Dang 2014, Changes in Akt MTOR Signaling Pathway in Response to Concurrent Exercise a Review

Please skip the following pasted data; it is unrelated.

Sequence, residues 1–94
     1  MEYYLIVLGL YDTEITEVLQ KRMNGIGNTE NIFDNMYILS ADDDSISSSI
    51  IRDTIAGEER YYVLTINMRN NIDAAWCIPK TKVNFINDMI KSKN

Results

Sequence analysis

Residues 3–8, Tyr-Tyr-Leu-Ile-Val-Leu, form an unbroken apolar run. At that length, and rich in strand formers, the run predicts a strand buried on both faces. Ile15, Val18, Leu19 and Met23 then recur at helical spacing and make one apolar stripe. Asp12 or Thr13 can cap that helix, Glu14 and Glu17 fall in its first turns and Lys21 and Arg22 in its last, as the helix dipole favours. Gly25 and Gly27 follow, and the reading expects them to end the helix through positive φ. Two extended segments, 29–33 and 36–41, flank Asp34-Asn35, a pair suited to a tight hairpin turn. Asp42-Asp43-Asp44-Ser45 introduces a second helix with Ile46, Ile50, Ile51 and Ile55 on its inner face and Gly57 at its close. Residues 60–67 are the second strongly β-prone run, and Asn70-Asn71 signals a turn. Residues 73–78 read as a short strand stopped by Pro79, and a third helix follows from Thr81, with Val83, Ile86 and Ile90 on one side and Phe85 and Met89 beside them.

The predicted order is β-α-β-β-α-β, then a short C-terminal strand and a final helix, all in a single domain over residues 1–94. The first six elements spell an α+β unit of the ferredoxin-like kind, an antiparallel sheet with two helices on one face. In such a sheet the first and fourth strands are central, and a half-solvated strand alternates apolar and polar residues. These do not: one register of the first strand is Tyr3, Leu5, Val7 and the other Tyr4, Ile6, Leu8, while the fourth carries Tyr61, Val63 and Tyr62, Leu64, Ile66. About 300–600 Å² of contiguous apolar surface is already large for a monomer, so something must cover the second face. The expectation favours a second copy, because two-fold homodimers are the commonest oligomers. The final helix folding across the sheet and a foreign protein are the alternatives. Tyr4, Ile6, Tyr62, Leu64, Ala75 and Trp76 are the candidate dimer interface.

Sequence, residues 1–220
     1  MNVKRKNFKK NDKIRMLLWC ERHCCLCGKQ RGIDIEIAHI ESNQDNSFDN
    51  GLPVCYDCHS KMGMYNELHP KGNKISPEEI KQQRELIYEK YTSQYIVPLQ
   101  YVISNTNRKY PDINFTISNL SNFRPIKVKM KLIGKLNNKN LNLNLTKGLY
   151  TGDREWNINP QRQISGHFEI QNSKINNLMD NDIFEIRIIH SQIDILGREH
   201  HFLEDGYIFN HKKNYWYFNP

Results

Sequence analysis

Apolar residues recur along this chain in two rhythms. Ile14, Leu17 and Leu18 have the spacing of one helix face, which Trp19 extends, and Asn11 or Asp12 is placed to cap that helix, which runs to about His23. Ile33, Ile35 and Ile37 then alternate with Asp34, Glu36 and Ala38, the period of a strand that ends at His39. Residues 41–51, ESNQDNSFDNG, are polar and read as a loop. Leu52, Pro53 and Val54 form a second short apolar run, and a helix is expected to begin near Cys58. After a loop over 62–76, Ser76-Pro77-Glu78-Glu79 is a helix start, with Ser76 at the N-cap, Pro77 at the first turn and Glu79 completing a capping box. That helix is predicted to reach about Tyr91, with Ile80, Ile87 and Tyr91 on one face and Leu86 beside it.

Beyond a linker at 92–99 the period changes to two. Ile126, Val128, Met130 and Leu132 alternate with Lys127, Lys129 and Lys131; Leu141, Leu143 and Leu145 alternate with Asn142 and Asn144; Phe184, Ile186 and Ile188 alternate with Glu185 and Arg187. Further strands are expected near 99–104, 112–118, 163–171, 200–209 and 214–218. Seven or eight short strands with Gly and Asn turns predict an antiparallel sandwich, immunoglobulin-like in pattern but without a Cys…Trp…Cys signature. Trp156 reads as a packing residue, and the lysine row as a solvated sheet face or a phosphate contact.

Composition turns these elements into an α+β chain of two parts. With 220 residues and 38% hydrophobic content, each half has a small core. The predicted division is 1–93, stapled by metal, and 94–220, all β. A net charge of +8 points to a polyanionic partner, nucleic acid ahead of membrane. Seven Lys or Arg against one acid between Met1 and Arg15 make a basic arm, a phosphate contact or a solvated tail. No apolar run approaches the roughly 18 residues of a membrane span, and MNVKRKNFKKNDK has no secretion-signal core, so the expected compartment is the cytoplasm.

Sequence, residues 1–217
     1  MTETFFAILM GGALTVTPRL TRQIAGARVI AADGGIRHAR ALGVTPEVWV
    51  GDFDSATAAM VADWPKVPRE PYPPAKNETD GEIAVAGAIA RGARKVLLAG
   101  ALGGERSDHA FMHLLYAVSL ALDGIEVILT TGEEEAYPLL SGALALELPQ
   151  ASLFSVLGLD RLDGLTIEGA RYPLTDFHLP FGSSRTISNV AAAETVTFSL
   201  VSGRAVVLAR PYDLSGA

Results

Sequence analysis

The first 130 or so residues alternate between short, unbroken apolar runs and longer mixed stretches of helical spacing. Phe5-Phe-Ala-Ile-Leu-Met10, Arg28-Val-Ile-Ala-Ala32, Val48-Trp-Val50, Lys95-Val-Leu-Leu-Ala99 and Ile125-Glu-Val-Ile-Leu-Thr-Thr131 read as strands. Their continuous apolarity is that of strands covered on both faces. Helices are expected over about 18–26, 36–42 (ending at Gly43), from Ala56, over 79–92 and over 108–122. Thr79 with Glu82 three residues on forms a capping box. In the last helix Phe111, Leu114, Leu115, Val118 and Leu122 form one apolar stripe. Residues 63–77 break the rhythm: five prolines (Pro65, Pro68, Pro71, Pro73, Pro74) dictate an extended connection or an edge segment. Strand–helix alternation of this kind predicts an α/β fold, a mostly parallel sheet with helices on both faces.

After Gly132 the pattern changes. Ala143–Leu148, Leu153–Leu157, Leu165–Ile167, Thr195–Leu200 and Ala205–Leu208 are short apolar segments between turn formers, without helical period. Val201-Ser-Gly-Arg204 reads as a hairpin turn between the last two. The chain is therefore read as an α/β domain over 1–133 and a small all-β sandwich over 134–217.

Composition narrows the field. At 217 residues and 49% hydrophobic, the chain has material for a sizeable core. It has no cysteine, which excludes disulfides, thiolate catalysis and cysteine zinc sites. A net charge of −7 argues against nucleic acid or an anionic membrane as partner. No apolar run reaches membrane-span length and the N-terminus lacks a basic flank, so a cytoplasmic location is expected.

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  Review   Changes in Akt/mTOR signaling pathway in response to concurrent exercise: A review Carl-Erik Dang  Department of Physical Education and Health, Örebro University, Örebro, Sweden Dang CE.  Changes in mTOR signaling pathway in response to resistance, endurance and concurrent exercise: A review.  —   Exercise is known to cause morphological, architectural (Seynnes, 2007) and biochemical changes in human skeletal muscle (Zoll, 2002). However, different exercise modes cause different adaptations in the human body. Resistance training has proven to cause increases in muscle fiber size and strength (Seynnes, 2007), whereas endurance exercise adaptations leads to increases in maximal oxygen uptake, formation of capillaries and mitochondrial biogenesis (Ingjer, 1979). A combination of exercise modes are widely used to gain  benefits from both resistance and endurance exercise, known as concurrent training. Concurrent training is used to induce adaptations that occur with both endurance and resistance training. However, there has been a debate whether the adaptations of these exercises may interfere with one another, known as the interference effect (Hickson, 1980). In 1980 this phenomenon was investigated by Hickson (1980) who in fact revealed that strength gains were compromised with 10 weeks of concurrent training. However, maximal oxygen uptake improvements were not diminished when compared to endurance training alone. This pioneering work of Hickson (1980) has led to several investigations of concurrent training. A more recent study (Silva, 2014) investigated the effects of concurrent training on leg strength compared to resistance training alone. Forty-eight physically active females were randomly divided into four groups with resistance training combined with continuous running, interval running, continuous cycle ergometer training or resistance training only. Interestingly, the study reported that leg strength was not inferior with 11 weeks of concurrent training when compared to resistance training alone.  Akt/mTOR signaling pathway. The up regulation of protein synthesis has been proven to be regulated by the mammalian target of rapamycin (mTOR). There are quite many different factors that affect the Akt/mTOR signaling pathway, one of them being phosphorylation of eukaryotic translation factors (eukaryotic initiation, elongation and release factors). It has  been demonstrated that leucine administers the activity of S6K1 by increasing the availability of eIF4E for formation with active eIF4G and eIF4E complex, all which partakes in up regulation of protein synthesis (Anthony 2000). Furthermore, it appea rs that it’s possible to inhibit hypertrophy by blocking phosphorylation of p70 S6K   without altering the phosphorylation of Akt or mTOR. Conversely, Anthony et al. (2000) demonstrated an increase in  phosphorylation of downstream targets of mTOR, specifically 4E-BP1 and S6K1, but with lack of increases in the rate of protein synthesis. The downstream targets of mTOR proven to regulate hypertrophy in skeletal muscle are GSK-3 β , p70 S6K   and PHAS-1/4E-BP1. Blockage of mTOR signaling and its downstream targets inhibits hypertrophy (Bodine, 2001). The mTOR signaling pathway is therefore crucial in order to achieve skeletal muscle hypertrophy. Atherton et al (2005) found in mice that low frequency stimulation (LFS) caused increases in phosphorylated AMPK and that mTOR and protein synthesis was increased following high frequency stimulation (HFS). Furthermore, AMPK has been proven to attenuate phosphorylation of S6K1, 4E-BP1 and activity of eEF2 signaling responses in rats (Thomson, 2008). HFS increased phosphorylation of Akt/TSC2/mTOR signaling, GSK-3 β  and activated translation initiation regulators p70 S6K  , 4E-BP1, eIF2B and elongation factor eEF2. All of which has an important role in anabolic processes in skeletal muscle. However, some of these anabolic responses, specifically the downstream targets of TSC2, were inhibited following LFS. Findings also suggest that TSC2 mediates anabolic responses to HFS via Akt/TSC2/mTOR pathway and inhibits protein synthesis during LFS. Inhibition of inactivity of AMPK occurs with accumulated high concentrations of AMP (Hawley, 1995) and inhibits phosphorylation of mTOR and some of its downstream targets (Bolster, 2002). It has been suggested that short contractions, similar to high frequency stimulation, does not accumulate as high concentration of AMP as seen in longer and continuous stimulation (Atherton, 2005). It has also been proposed that resistance and endurance exercise combined attenuates desired molecular adaptations when compared to each exercise alone (Lundberg, 2012, Apro 2013, Donges 2012). There appears to be many physiological factors that may influence and interfere with the adaptations of concurrent training. The purpose of this brief review is to focus on the molecular response to concurrent training, more specifically the Akt/mTOR signaling pathway. ROLE OF MTOR IN ENDURANCE EXERCISE  Animal studies. As previously mentioned, 3 h low frequency stimulation done on mice did not induce significant increases in phosphorylated Akt, mTOR via Ser2448 or its downstream targets, p70 S6K  , 4-BP1 and eIF2B post stimulation or 3 h after. However, a slight increase was found in GSK-3 β . In contrast, a study (Edgett, 2013) performed on mice found quite the opposite. 3 h treadmill exercise induced expression of mRNA translation initiation by significantly increasing  phosphorylated Akt, mTOR, rpS6 and eIF2B ε . Interestingly, another study (Souza, 2013) done on rats revealed no increases directly after exercise or 2 h post-exercise in  phosphorylation of Akt, AMPK, mTOR or p70 S6K1  following 60 minutes of running at 60% of V max .  Human skeletal muscle.  Mascher et al. (2007) studied the effects of 1 h cycling exercise on changes in signaling  pathways. Six male subjects performing endurance exercise less than twice a week participated. Phosphorylated GSK-3 β      was constantly increased during a time course of 3 h post-exercise. Interestingly, there was an acute increase of  phosphorylated Akt 1 h and 2 h post-exercise, but not after 3 h. Phosphorylated mTOR revealed an increase directly after, 30 min and 2 h post-exercise, but not after 3 h. mTOR and Akt were partially greater during different time points, it suggests that there are alternate pathways in which mTOR can be activated. In support of this notion, Mascher et al. (2010) revealed an increase of phosphorylated Akt 3 h post-exercise, whereas mTOR and p70 S6K   was immediately greater in the working and resting leg following 60 minutes of one-legged cycling. Interestingly, despite an acute increase in mTOR post-exercise, a significant increase in the mTOR inhibitor AMPK was reported. Moreover, the fractional  protein synthesis was higher in the exercising leg. The evidence suggests that increases in phosphorylated AMPK and mTOR can occur concomitantly. Mascher et al. (2006) did not only prove that endurance exercise induces acute mRNA translation initiation, but also that gene expression fluctuates during a time course of 3 h post-exercise. Studies examining at one time point may therefore miss out on valuable information concerning changes in gene expression. ROLE OF MTOR IN RESISTANCE EXERCISE Changes in mTOR signaling pathway in response to resistance exercise has been studied well more than changes that occurs with endurance exercise. Several studies done on human subjects support the notion that resistance exercise induces acute increases in mTOR phosphorylation (insert studies). In addition to this notion, intake of BCAA or whey  protein isolate can further elevate mTOR signaling (Apro, 2010, Farnfield 2009). Resistance exercise with subjects performing 4 sets of 10 repetitions at 80% of 1RM on leg press for a total of 20 minutes induced increases in phosphorylated mTOR, p70 S6K  , rpS6 and decrease in eEF2 15 min, 1 h and 2 h post-exercise (Mascher, 2008). In accordance with previously mentioned studies (insert), increases in phosphorylated mTOR were established with absence of elevated phosphorylated Akt after resistance exercise (Apro, 2010, Mascher 2008). However, the elevation of phosphorylated mTOR did not differ between the BCAA and the placebo group (Apro, 2010). Moreover,  phosphorylated p70 S6K   were significantly higher than before exercise and the placebo group, whereas placebo group did not elevate p70 S6K  . Increases in the downstream target of  p70 S6K  , rpS6 and eEF2, were found, but with no differences  between groups. Interestingly, Apró et al. (2010) failed to elevate phosphorylated p70 S6K   while elevations of rpS6 were reported. Roux et al. (2007) showed that RAS/ERK (Extracellular signal-regulated kinase) signaling pathway can  promote phosphorylation of rpS6 at Ser  235/236  independently of the mTOR pathway. It appears that four sets of 10 repetitions of 80% of 1RM followed by four sets of 15 repetitions of 65% of 1RM in leg  press with 5 minutes rest between sets did not elevate levels of phosphorylated AMPK (Apro, 2010). However, a study with a slightly different exercise protocol (10 sets of 10 repetitions leg extension at 70% of 1RM, 3 minute rest  between sets) reported elevated activity levels of AMPK  α 2,  but not AMPK  α 1, during and 1 h post-exercise (Dreyer, 2006). EFFECTS OF CONCURRENT TRAINING ON MTOR SIGNALING PATHWAY Coffey (2009) studied the effect of exercise order on gene expression. Subjects with more than one year experience in aerobic and resistance training underwent two trials consisting of cycling before resistance training, and a reverse order. Biopsies were taken 15 minutes following each exercise and 3 h post-exercise. Phosphorylation of AMPK was higher if cycling was performed subsequently to resistance exercise (RE). There was a slight increase 3 h post-exercise in the mTOR inhibitor, TSC2, if cycling was  performed after RE. Interestingly, p70 S6K   and rpS6 were acutely elevated following the first exercise irrespectively of exercise mode, with no different between the groups. Collectively, the study indicates that cycling preceding RE attenuates anabolic response, whereas RE following cycling may worsen the inflammatory response and protein degradation. Donges et al. (2012) compared the effects RE, endurance and concurrent training on molecular adaptations on sedentary subjects. The RE exercise protocol consisted of eight sets of eight repetitions leg-extensions at 70% of 1RM, whereas endurance exercise consisted of 40 min ergometer cycling at 55% of peak aerobic power output and concurrent trial did 50% of the work of RE and endurance trial. Measurements of gene expression were done 1 h and 4 h post-exercise. Interestingly, none of the trials induced increases in  phosphorylated mTOR, but RE and concurrent training revealed increases in Akt 1 h post-exercise. In addition, concurrent and resistance exercise induced an equally high amount of myofibrillar protein fractional synthesis rate (FSR), whereas aerobic exercise remained unchanged. Moreover, mitochondrial FSR was increased with all three trials, with no difference between trials. Both concurrent and endurance exercise failed to elevate phosphorylation of rpS6,  but the RE trial received a ten-fold increase 1 h post-exercise. Surprisingly, this extreme increase did not elevate FSR more so than the concurrent trial, with concurrent performing half of the RE work. No changes in AMPK were reported in any trial, which may be due to subjects getting fed immediately after exercise. It appears that these particular exercise  protocols (Concurrent and RE) can both induce increases in equivalent rate of myofibrillar protein synthesis in sedentary subjects in fed state. It should also be noted that transcription factors MyoD and MyoG mRNA were only elevated with RE. Modest increases in mTOR and p70 S6K   phosphorylation were reported in subjects performing RE 6 h after endurance exercise when compared to RE alone (Tommy, 2012). Subjects had standardized meals before aerobic and resistance exercise. The RE protocol consisted of leg press and leg-extensions, two sets of seven repetitions for each exercise. One-legged cycling was executed 6 h prior to RE. Biopsies were taken prior to RE, 15 min and 3 h post-exercise. Acute molecular changes subsequently to endurance trial were not measured. RE alone failed to elevate mTOR,  p70 S6K  , rpS6 and eEF2 phosphorylation, which may indicate that the RE protocol was not optimal to induce molecular changes or that elevations occurred between 15 min and 3 h  post-exercise. Moreover, the purpose of one-legged cycling    was not to maximize cardiovascular stress, but to provide an aerobic stimulus. A study comparing endurance and RE to RE alone reported an increase in phosphorylated Akt with RE and endurance exercise when compared to rest values and RE trial alone, but increases in mTOR, p70 S6K1  and eEF2 phosphorylation with  both exercise trials, but no difference between the trials (Apro, 2013). Interestingly, both trials revealed a reduction of AMPK 3 h post-exercise. Collectively, the findings indicate that RE with subsequent endurance training does not impair gene expression when compared to RE alone in moderately trained subjects. Moreover, the authors suggested, based on the results, that prior activation of mTORC1 inhibits elevated activity of AMPK.    REFERENCES 1.   Apró W, Blomstrand E. Influence of supplementation with branched-chain amino acids in combination with resistance exercise on p70 S6  kinase phosphorylation in resting and exercising human skeletal muscle.  Acta  Physiol  . 2010;200(3):237-248 2.   Apró W, Wang Li, Pontén M, Blomstrand E, Sahlin K.  Resistance exercise induced mTORC1 signaling is not impaired by subsequent endurance exercise in human skeletal muscle.  Am J Physiol Endocrinol Metab . 2013 Jul 1;305(1):E22-E32 3.   Atherton PJ, Babraj JA, Smith K, Singh J, Rennie MJ, Wackerhage H. 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